Despite a Strong Economy, Investors Are Defensive
(Bloomberg Opinion) --
Has the U.S. stock market, at last, reached the turn of the cycle? The economy, of course, has been running hot, but in the short run the correlation between the economy and the stock market is minimal. And if the recent renaissance of consumer staples and other defensive stocks is anything to go by, the stock market cycle may well have turned towards pessimism.
Procter & Gamble Co. released its results for the third quarter on Friday, and shareholders rewarded the company with its biggest daily outperformance relative to the S&P 500 Index since the day after the Black Monday crash in 1987. P&G’s share price gained 8.80 percent after publishing very good sales, while the rest of the market was flat. As this chart shows, that type of divergence is very rare:
(For those interested, that stunning underperformance one day in early 2000 came when P&G issued disappointing earnings and a profit warning only a week after reaffirming guidance, just as the rest of the market was in the final euphoric days of the dot-com bubble.)
Naturally, this is good news for P&G, but it is arguably bad news for the rest of the market. When investors start to get excited about the sales of shampoo and toothpaste, that tends to mean that they are not terribly optimistic about life in general — or at least the economy. P&G, like Walmart Inc., is considered a classic defensive stock that investors only get excited about and buy with any enthusiasm when they are worried about everything else.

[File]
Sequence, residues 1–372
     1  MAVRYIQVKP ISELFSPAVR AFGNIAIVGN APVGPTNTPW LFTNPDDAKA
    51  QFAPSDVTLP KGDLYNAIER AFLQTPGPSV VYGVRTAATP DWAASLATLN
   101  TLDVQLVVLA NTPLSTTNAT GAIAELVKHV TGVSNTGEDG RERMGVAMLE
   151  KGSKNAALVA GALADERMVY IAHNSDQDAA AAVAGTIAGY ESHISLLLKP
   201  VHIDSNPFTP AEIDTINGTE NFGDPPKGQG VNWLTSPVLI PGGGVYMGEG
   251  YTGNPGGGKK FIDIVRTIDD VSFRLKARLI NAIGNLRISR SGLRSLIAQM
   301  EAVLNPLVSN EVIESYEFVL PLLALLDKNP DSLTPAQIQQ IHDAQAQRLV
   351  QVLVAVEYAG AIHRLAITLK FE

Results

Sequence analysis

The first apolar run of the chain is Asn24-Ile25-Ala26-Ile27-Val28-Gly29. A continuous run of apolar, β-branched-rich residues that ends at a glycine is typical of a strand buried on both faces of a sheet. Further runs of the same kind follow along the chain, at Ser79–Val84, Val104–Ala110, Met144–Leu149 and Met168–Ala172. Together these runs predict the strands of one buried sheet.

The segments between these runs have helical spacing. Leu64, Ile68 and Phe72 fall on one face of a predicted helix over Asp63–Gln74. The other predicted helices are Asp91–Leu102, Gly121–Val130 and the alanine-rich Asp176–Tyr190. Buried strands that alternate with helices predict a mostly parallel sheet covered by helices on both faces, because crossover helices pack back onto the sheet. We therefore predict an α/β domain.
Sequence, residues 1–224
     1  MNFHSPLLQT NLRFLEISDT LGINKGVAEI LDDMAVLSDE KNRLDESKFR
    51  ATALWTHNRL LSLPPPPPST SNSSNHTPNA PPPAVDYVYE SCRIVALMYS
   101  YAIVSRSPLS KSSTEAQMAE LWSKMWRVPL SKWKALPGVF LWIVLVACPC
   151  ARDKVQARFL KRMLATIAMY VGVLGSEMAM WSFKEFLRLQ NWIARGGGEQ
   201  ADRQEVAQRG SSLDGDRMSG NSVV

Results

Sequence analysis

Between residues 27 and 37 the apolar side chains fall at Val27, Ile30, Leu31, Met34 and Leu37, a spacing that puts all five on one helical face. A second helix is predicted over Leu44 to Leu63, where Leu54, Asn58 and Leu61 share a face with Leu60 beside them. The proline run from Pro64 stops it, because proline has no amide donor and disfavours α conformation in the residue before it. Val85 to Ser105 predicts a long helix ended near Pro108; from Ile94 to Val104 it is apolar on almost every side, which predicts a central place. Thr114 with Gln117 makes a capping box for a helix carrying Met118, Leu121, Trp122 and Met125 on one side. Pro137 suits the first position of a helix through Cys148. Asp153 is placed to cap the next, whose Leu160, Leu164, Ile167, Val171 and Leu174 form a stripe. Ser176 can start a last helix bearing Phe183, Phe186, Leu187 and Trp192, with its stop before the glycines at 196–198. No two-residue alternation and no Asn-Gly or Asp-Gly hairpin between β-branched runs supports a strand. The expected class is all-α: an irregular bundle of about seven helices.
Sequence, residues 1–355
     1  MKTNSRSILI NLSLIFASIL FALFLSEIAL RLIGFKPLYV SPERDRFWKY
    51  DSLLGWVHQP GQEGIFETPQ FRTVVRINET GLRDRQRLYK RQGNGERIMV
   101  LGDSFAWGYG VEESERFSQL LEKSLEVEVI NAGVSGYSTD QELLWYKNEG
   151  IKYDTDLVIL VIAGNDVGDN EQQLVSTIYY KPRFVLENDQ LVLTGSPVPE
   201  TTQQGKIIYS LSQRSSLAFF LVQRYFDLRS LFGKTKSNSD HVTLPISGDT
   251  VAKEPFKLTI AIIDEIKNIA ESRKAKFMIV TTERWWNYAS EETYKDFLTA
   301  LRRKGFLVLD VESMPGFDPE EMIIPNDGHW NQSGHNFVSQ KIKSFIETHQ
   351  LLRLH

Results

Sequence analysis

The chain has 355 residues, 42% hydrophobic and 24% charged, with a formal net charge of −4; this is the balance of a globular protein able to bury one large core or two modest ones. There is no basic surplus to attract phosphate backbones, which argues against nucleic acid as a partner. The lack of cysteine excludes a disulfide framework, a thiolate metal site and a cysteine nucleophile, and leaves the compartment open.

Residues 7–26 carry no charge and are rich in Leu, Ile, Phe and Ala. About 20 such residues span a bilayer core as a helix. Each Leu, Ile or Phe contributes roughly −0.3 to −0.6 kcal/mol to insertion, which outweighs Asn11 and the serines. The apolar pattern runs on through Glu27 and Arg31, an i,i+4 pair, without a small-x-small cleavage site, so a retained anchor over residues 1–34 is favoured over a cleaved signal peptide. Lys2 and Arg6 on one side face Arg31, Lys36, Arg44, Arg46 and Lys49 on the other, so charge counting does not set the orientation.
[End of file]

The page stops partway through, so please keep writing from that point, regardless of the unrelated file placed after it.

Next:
P&G’s performance Friday was startlingly strong, but it continued a period when defensive sectors — which for this exercise I will take to be Consumer Staples and Utilities — have started to outperform cyclicals — which we will take to be Industrials and Consumer Discretionary. As the next chart shows, cyclicals have meaningfully outperformed ever since the November 2016 elections, and even outperformed during the sharp rise in equity market volatility in February. This current bout of turbulence is different. Judging by the shift from cyclical to defensive, this sell-off seems to reflect genuine nerves about the economy.
The chart above was my replication of one by strategist Jim Paulsen of Leuthold Group, which went into more detail by adding Materials to the list of cyclicals, and measured the indexes on a total return basis. That approach made the snap back from cyclicals to defensives look even sharper.